Finally, like any successful open source project, Subversion relies on active participation and feedback from its user community. Contribute to the success of this major new release by providing your feedback at: http://www.svnforum.org/forums/56-Apache-Subversion-1.7-Support

Subversion 1.7 Arrives: uberSVN makes the switch

The developers of Apache Subversion finally take down the scaffolding, giving the Subversion community their first look at version 1.7.0 of the popular source code management software. Now, a bystander familiar with Subversion 1.6 might wonder what’s different as there are no eye-catching alterations in 1.7’s look and feel. Only a trip down into the foundations reveal the changes, which are large-scale and crucial to Subversion’s future.

WC-NG (Working Copy: The Next Generation)

The biggest change goes right to the heart of Subversion and its “working copy library”, which tracks changes that are made to a user’s working copy so that Subversion knows what actions to perform on the repository, while storing meta-data and pristine copies of files in those ubiquitous “.svn” subdirectories. Subversion 1.7 delivers a completely overhauled working copy library, moving to a centralized database that does away with the .svn folders. Compatibility with all the classic APIs is maintained, while providing a significant performance boost and fixes for a large number of bugs and limitations that will help Subversion maintain its status as an SCM destination of choice.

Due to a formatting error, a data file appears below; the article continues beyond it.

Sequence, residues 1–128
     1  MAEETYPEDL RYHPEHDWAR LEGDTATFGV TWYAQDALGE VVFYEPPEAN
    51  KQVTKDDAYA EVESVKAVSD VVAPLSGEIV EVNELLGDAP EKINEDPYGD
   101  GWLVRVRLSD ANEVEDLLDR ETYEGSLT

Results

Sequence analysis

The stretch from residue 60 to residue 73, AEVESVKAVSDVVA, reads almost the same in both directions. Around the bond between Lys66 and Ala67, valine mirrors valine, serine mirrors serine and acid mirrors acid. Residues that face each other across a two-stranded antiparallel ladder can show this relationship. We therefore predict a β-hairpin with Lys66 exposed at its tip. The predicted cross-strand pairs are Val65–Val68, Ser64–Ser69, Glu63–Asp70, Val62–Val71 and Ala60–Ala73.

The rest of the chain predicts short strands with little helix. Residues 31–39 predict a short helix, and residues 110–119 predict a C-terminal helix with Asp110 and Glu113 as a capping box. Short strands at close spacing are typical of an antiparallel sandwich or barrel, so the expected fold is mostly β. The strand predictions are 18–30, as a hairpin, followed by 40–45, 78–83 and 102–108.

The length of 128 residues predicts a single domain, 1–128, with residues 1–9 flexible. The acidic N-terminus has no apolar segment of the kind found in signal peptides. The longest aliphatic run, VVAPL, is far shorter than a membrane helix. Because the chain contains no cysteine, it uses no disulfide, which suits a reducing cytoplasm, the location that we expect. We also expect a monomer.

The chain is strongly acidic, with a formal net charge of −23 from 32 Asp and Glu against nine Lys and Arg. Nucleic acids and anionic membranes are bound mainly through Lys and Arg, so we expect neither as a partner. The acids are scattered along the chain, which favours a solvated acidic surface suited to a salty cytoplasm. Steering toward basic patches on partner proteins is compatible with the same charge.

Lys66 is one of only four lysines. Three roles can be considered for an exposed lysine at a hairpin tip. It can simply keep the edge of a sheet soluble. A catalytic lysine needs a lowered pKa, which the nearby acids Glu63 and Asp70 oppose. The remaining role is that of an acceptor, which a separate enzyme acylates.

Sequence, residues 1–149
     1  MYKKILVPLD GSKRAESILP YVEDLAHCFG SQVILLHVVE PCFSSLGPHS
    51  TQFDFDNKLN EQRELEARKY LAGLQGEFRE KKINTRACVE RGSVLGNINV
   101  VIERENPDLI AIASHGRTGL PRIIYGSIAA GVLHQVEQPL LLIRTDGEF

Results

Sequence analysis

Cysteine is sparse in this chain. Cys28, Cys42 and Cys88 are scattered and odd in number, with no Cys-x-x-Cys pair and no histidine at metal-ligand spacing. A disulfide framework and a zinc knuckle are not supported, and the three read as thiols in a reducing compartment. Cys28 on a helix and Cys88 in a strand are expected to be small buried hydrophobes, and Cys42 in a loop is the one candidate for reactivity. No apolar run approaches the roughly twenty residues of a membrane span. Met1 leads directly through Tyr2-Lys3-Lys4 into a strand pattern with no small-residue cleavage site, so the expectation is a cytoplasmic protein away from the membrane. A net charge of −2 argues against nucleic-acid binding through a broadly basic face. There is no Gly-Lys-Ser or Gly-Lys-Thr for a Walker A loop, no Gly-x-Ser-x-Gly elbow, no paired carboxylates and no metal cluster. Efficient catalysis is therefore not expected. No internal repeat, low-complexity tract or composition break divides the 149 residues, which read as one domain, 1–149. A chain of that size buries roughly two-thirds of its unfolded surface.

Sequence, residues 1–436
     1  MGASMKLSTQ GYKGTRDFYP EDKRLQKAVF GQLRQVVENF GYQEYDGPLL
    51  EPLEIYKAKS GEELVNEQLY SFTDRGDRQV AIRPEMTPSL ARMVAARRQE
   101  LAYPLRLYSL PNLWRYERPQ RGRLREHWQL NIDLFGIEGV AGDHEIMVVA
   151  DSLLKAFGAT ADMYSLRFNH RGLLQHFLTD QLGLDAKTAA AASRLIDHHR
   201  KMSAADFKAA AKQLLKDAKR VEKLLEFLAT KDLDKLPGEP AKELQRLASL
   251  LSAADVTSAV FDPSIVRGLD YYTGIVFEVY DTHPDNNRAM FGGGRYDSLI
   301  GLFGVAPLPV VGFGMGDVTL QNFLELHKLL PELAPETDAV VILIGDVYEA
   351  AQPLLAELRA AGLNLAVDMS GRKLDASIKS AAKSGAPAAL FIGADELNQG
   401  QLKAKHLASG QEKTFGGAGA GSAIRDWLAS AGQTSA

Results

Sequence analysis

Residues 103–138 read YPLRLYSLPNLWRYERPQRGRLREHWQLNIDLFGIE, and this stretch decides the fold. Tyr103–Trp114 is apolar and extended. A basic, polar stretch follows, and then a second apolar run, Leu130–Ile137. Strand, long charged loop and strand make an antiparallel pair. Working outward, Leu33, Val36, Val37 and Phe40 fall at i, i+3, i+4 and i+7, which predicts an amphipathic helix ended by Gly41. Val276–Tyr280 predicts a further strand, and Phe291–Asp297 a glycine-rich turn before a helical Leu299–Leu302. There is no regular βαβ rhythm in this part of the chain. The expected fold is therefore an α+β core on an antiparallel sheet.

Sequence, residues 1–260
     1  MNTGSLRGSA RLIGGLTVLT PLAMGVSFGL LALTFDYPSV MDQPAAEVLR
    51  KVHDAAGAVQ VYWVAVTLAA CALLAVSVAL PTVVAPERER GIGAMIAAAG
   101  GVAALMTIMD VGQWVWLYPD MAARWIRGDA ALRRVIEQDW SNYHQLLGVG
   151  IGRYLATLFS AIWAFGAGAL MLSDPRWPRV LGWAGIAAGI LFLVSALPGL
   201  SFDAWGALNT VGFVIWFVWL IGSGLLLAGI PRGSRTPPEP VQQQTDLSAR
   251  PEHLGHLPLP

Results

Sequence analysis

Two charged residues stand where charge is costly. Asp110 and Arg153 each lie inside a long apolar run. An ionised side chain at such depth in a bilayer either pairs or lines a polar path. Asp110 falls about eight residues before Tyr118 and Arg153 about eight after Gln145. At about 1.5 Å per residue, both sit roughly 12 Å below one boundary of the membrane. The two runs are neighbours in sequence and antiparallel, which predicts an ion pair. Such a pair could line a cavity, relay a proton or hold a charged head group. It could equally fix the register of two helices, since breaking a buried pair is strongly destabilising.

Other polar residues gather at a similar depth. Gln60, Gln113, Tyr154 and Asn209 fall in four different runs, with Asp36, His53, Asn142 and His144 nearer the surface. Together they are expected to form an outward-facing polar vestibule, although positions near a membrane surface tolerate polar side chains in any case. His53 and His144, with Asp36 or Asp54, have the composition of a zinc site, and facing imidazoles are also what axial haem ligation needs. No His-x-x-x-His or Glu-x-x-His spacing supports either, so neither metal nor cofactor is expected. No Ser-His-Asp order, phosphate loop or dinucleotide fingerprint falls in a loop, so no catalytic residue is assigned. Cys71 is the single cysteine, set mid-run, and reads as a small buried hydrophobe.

HTTP Protocol v2

Another big change is the streamlining of the HTTP protocol for svn, placing the focus firmly on speed and compatibility. This ensures that Subversion still supports DeltaV’s beneficial features, such as “autoversioning”, while dropping much of the protocol’s inefficiencies and maddening complexities.

Fresh Paint

While the developers faced these and other major engineering challenges, they also managed to polish off a large number of little improvements and fixes, with 150 noted in Subversion 1.7’s change file. This all shows Subversion 1.7 to be the strong technological renewal that many users have been asking for, rather than a revolution in form or function.

uberSVN makes the switch